Marigold tops the list of companion plants for vegetable gardens. Many gardeners swear by it as a pest repellant and flavor enhancer. One thing I am certain of is that marigold is a great trap plant for aphids. I plant it around pepper and eggplant plants to deter aphids from them. Once the marigold is infested with the pest, I throw it away. And since it is easy to grow, I have plenty of it around the garden.

Is marigold same as calendula?

Despite its common name, pot marigold, calendula has nothing to do with true marigold. They both belong to Asteraceae or sunflower family, but they are from two different genera. Calendula is from the Calendula genus and marigold from the Tagetes genus.

When comparing the plants, the differences are quite obvious. Calendula leaves are elongated with a smooth edge, while marigold has fern-like leaves with a jagged blade. The flower of the calendula is similar to the daisy with its apparent center. Marigold bloom has tightly ruffled petals that cover the center.

Marigold has a strong peppery scent that’s unpleasant to some. Finally, the seeds are very different. Although both have unusual shapes, calendula seeds are not uniform and resemble misshapen horns. Marigold seeds are uniform and look like porcupine quills.

Is marigold edible?

Marigold petals are very much edible. They are added to rice dishes as a saffron replacement, hence the name “poor man’s saffron.” It is also used as yellow food and fabric die.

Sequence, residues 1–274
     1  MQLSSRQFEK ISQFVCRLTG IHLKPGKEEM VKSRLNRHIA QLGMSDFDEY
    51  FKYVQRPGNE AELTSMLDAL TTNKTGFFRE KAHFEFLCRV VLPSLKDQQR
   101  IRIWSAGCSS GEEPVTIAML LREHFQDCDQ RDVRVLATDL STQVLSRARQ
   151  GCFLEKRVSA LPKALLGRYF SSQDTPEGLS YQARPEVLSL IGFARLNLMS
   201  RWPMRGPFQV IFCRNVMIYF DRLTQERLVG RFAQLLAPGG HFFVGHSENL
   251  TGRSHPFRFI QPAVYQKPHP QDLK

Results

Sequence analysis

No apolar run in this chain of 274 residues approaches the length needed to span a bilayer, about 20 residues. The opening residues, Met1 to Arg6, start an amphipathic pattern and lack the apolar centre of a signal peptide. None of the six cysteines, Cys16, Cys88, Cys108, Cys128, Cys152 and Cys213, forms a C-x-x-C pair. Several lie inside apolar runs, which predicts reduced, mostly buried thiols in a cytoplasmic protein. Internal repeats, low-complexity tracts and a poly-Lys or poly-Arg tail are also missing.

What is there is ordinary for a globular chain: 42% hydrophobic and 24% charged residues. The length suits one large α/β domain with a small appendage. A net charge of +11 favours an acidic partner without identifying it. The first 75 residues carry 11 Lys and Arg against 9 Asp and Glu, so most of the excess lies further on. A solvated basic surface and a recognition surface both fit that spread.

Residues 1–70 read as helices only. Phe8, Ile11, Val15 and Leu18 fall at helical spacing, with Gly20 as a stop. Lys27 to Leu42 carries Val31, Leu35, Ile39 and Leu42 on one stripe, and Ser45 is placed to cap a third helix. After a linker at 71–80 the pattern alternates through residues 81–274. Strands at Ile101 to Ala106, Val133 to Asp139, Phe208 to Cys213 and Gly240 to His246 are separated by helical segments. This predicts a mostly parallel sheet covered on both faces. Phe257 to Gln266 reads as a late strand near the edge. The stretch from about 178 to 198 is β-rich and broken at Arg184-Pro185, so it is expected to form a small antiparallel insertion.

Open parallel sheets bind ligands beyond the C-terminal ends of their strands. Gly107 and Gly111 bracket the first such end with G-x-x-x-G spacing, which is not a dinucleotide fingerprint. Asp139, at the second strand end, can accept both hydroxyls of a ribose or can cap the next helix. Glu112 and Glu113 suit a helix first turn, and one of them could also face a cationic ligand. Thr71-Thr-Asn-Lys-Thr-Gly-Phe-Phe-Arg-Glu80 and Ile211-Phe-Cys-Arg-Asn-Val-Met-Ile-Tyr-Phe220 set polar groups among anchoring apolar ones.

Marigold petals have been long used as medicinal remedies in ancient Aztec. As a fusion, it is believed to improve digestive health and is also used as an eyewash. Its high content of carotenoids promotes good vision. Marigold salve is used to heal skin irritations.

How to harvest and preserve marigold flower?

  1. Harvest the flowers at the peek of bloom.
  2. Lay them flat on a sheet of paper or a cloth to allow any bugs to get away. It is not recommended to wash them. Water may damage the petals.
  3. Use scissors or a twisting movement to separate the petals from the green base (seed pocket).
  4. Spread the petals in a single layer on a baking sheet or drying rack, and allow air dry for a few days. You may also use a dehydrator.
  5. Store the dried petals in a glass jar with an airtight lid. Place in a dark cool place, away from light and humidity.
Adding marigold to the edible garden.

How to make marigold-infused oil?

To make an infused oil, always use dried petals. Fresh petals contain moisture, which may quicken spoilage. Marigold-infused oil is used in making salve, cream, lip balm, or as a massage oil.

Slow cold infusion

  1. Fll up a glass jar, preferably opaque, with 1:2 ratio petals to oil.
  2. Place the jar in a sunny place, such as a windowsill, for four to six weeks.
  3. Shake the jar daily.
  4. Strain the oil from the petals squeezing the latter as much as possible.
  5. Store the oil in a cool dark place for longer shelf life.

Slow heated infusion

This method is very similar to making yogurt, where a constant warm environment is provided for a few hours.

  1. Fill up a glass jar with 1:2 ratio petals to oil.
  2. Place in a pot filled with arm water.
  3. Cover and try to keep the water warm for three to four hours. You may need to add hot water throughout the process.
  4. Strain the oil and pour it into an opaque bottle or jar.
  5. Store in a dark cool place.